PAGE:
In our February 2016 Client Briefing, we confirmed that the European Commission had signalled its intention to extend the application date for MiFID II by one year to 3 January 2018.

The status of the proposed extension (which will take the form of both a directive and a regulation) is as follows:

  • the proposals are currently scheduled to be considered by the European Parliament between 6 and 9 June 2016; and
  • the ECB issued an opinion on 29 April 2016:

    • suggesting that the transposition deadline for Member States also be deferred by 1 year for consistency purposes; and
    • noting that the 1 year delay would not affect the timeline for adopting the required Level 2 measures.


On 25 April 2016, the European Commission adopted a Delegated Regulation (together with 4 Annexes) setting out organisational requirements and operating conditions for investment firms and clarifying the scope of various defined terms under MiFID II.

Rules: The Delegated Regulation sets out rules across the following areas:

  • Organisational requirements for investment firms
    • Procedures in relation to compliance, risk management, internal audit, the responsibility of senior management, complaints handling, remuneration, personal transactions, outsourcing and conflicts of interest.
    • Underwriting and placing services, and the production and dissemination of investment research and marketing communications.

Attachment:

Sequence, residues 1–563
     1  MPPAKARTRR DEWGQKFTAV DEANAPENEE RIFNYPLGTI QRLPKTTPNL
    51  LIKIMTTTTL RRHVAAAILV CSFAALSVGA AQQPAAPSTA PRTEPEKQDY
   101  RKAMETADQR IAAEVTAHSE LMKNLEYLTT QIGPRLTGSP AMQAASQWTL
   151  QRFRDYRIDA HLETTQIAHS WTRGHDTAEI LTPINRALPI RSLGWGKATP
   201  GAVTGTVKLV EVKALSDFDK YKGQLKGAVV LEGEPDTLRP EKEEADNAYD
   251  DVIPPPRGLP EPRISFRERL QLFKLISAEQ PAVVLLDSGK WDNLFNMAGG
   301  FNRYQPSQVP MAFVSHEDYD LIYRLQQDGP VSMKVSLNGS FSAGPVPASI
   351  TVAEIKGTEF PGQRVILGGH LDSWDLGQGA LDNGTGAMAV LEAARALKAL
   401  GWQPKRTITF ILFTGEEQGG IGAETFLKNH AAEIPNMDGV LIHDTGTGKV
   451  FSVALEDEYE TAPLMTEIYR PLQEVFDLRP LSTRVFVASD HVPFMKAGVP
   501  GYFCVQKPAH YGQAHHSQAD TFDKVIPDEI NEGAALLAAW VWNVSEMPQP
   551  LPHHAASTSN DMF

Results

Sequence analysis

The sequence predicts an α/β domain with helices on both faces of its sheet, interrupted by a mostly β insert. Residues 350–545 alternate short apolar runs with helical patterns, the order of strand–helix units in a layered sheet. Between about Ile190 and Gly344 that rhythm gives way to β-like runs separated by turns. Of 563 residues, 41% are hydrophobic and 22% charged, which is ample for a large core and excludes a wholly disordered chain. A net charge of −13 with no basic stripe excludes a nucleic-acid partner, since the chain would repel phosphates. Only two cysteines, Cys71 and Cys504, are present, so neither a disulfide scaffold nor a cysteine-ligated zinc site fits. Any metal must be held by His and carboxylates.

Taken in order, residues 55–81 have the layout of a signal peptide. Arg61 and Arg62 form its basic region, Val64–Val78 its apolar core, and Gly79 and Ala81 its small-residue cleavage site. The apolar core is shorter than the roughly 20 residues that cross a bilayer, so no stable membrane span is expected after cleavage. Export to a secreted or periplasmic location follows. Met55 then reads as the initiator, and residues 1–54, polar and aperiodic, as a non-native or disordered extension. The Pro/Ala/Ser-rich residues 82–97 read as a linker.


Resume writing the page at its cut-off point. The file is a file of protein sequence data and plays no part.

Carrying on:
• Conduct of business obligations in the provision of investment services
    • The provision of fair, clear and non-misleading information when providing investment services or ancillary services to clients.
    • Information that must be provided to clients and potential clients in relation to categorisation, the investment firm itself and its services, financial instruments, safeguarding client financial instruments or client funds, cost and associated charges.
    • New requirements regarding the provision of information about investment advice, the provision of investment advice on an independent basis, and how suitability and appropriateness are assessed.
    • When financial instruments will be treated as non-complex.
    • The content of written agreements with retail and professional clients.
    • Client reporting, including statements of client financial instruments and funds.
    • Best execution and execution policies.
    • Client order handling.
    • Criteria for treating clients as eligible counterparties.
    • Recording-keeping obligations, including new rules regarding the recording of telephone conversations and electronic communications.
  • SME growth markets
    • Criteria that an issuer must meet to qualify as an SME1.
    • Conditions with which a multilateral trading facility (MTF) must comply if it wants to be registered as an SME growth market.
  • Trading venues
    • What could constitute significant damage to investors' interests and the orderly functioning of the market.
    • Circumstances where one can assume that:
      • behaviour prohibited under the new market abuse regime has taken place; or
      • significant infringements of the rules of a trading venue, disorderly trading conditions or system disruptions have occurred.
  • Other
    • Position reporting in commodity derivatives, and data provision by data reporting service providers.

Definitions: The Delegated Regulation clarifies some key definitions and terms including:

  • Investment services